Everyone across Who Dat Nation and beyond knows about the Saints troubles pre-2000, but what about in the new millennium?
New Orleans has seen its greatest success these past dozen or so years, beginning with the first playoff win in 2000 and continuing on to this year. The Saints have posted three consecutive seasons of double-digit wins in the last three years.
Between all of the good years recently, there have been some low spots that have been bad. Some were high draft picks who didn't pan out, and others were key free agents brought in to take the team to the next level.
Either way, all of these players ended up on this list for a reason...and it isn't a positive one.
Reggie Bush gets top billing in this category, and he will continue to look even worse as Darren Sproles continues to break records in the "position" created especially for Bush.
I hate the argument about, "Well, if he wasn't drafted second overall..."
Get over it, Bush lovers. He was picked where he was picked. It doesn't change the fact that he gave about as much to the team as Aaron Stecker did when he was in New Orleans. He also came at a very cheap price compared to the Top 5 money Bush was getting.
Fans will remember his big game against Arizona in the playoffs during the Super Bowl run in 2009, or him diving for the piling in the next week for a critical score in the NFC Championship Game versus Minnesota.
But is that what a second overall pick supposed to be? A couple of highlights here and there while spending most of the time either hurt or just not producing, period?
It says a little something that when Bush was healthy during the Seahawks playoff game in January 2011, the older Julius Jones got the bulk of the plays. And that was during a game where the Saints were decimated at running back due to injuries.
His low-lights far outweigh his sporadic highlights, but he will always be remembered for the person who had a position made for him that he never excelled at.
But Sproles can.
This is the other top draft pick that the Saints whiffed on big time. This time New Orleans traded their two 1st round picks (17, 18) to move up with Arizona at six.
Now at the time, I was thinking they were going to go after three players with Terrence Newman being taken at number five to Dallas. Those players were Terrell Suggs, a smallish defensive end that racked up sacks at Arizona St., Marcus Trufant, the second-best corner behind Newman or Jordan Gross, an offensive tackle out of Utah.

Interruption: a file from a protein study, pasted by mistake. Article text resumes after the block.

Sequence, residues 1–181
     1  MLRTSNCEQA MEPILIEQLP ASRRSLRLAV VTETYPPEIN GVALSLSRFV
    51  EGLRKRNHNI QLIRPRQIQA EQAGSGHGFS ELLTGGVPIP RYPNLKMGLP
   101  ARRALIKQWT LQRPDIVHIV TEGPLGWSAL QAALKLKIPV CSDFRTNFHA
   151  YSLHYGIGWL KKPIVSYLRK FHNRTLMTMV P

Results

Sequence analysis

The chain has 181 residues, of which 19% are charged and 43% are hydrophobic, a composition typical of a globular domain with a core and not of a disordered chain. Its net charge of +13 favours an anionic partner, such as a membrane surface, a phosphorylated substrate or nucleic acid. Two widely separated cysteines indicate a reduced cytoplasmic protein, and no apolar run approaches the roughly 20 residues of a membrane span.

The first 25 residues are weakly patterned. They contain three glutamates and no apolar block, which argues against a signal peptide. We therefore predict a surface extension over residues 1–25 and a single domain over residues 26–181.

Any of those players would have been a thousand times better than "The Round Mound of Nothing" that they chose in Johnathan Sullivan, a defensive tackle out of Georgia.
He lasted a few years and was eventually traded for David Patten from New England. His 1.5 sacks and 57 tackles or so will always be remembered as a huge disappointment.
You know you were a huge disappointment for a team when your release makes front-page news. And not just front-page news, but Jason David had the featured article for the day, smack dab right in the middle of the page.
Now that is disappointment.
He was a Cover-2 cornerback stuck in a man coverage scheme.
I don't know if the front office was blinded by David being a starter on a Super Bowl-winning team, but his skill-set never matched up with what Gary Gibbs wanted to do.
And the Saints paid dearly for that in completions and touchdowns that went towards David.
(I actually couldn't find a picture of him not being burned for a catch. Weird, right?)
David was great within 10 yards of the line-of-scrimmage, but outside of that he was basically a revolving door for opponents receivers. Not something you want when you sign a player to a 4 year, $16 million contract.
Anybody out there remember him?
His acquisition in 2001 bears an eerie resemblance to the Saints adding Nick Toon this offseason.
Both seasons New Orleans hosted the Super Bowl. Both times the Saints front office added a big play-making receiver across from an already established star (Joe Horn in '01, Marques Colston in '12). Both years had huge expectations.
Let's just hope 2012 doesn't end like 2001.
Connell came to the Saints after four years in Washington. His last two years there he had 101 receptions for 1,894 yards and 10 touchdowns. He was suppose to add that "wow" factor that incumbent No. 2 Willie Jackson never had.
Connell tanked with a bad attitude and worse work ethic.
His only season in NOLA was a disaster: 12 catches, 191 yards and two touchdowns in 11 games played (with only 1 start). Not what you expect to get back when you shell out close to $3.5 million for one year.